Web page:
Station embodies the five primary design principles of open
transit in that it incorporates all modes of transit; promotes
development; creates iconic indoor and outdoor spaces; appeals to passengers, residents, office workers, and visitors alike;
and integrates culture with mass transit by placing the latter
in the heart of the public square. Incorporating these design
principles resulted in a project that offers significant benefits
to those attending games, as well as to the surrounding community, visitors, mass transit users, and the environment.
The 104,000 sq ft station is situated in a highly urbanized site that once included government administration
buildings and still contains the Hennepin Energy Recovery Center (HERC), a waste-to-energy facility that burns
365,000 tons of waste a year to generate electricity. Besides
the station itself, the site had to offer pedestrian plazas, elevated light-rail tracks and a supporting bridge, a 286-space
parking structure, room for retail businesses, and a system
for managing stormwater.
The project team also factored into the site design the
need to facilitate future economic development. To this end
the site design involved the realignment of nearby roadways
to offer the flexibility that would attract and be conducive to
development. In fact, the project’s preliminary design was
modified to improve the development potential of two road-
ways adjacent to the site: 6th Avenue North and 5th Street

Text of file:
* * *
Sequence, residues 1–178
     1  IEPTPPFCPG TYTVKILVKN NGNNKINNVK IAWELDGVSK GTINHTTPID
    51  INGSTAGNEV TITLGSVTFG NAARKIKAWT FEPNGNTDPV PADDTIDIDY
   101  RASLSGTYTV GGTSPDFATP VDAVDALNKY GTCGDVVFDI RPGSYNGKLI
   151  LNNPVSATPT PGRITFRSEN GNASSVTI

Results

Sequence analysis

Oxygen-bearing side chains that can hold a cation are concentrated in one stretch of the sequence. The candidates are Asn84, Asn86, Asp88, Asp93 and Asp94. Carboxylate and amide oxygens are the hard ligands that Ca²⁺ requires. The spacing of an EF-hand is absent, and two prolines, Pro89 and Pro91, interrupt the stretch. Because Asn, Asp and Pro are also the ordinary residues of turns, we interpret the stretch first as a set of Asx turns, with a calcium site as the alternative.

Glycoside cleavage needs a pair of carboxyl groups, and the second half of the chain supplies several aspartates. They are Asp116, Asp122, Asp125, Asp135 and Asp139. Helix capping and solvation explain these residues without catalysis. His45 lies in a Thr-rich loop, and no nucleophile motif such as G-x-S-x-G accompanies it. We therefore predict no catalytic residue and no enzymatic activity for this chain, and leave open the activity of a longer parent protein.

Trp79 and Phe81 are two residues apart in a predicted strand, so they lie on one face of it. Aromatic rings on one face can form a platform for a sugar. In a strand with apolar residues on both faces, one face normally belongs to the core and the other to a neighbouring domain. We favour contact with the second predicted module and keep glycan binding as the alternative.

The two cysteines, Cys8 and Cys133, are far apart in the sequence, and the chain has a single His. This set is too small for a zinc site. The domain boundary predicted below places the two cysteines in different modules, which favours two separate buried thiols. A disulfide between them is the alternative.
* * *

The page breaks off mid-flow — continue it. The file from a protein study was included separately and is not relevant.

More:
North. To create additional parcels for development, the
project realigned and added a signalized intersection at both
6th Avenue North and 6th Street North.
Meeting all of the project design needs required using every square inch of the compact 8-acre site, which is owned by
Hennepin County and includes the HERC. When completed,
the Target Field Station project site encompassed approximately 58 percent of the total parcel. The HERC occupies the
remaining 42 percent.
Scheduling pressures prompted the project owner, Hennepin County, to realize the project through the design/build
approach. In fact, the eventual design/build team would have
only 24 months to complete the project after winning the
contract in June 2012. This accelerated schedule was dictated by the need for the station to be constructed by the time
the light-rail route known as the METRO Green Line became
operational, in May 2014. Another important consideration
was that Major League Baseball’s 2014 All-Star Game would
be played at Target Field on July 15.
The Minneapolis office of Knutson Construction led the
design/build team, which included the Minnetonka, Minnesota, office of Short Elliott Hendrickson, Inc. (SEH). The latter provided design services pertaining to civil engineering,
landscape architecture, geotechnical engineering, and stormwater management. Begun in July 2012, construction was
 Civil Engineering n o v e m b e r 2 0 1 5 0885-7024/15-0011-0068/$30.00 PER ARTICLE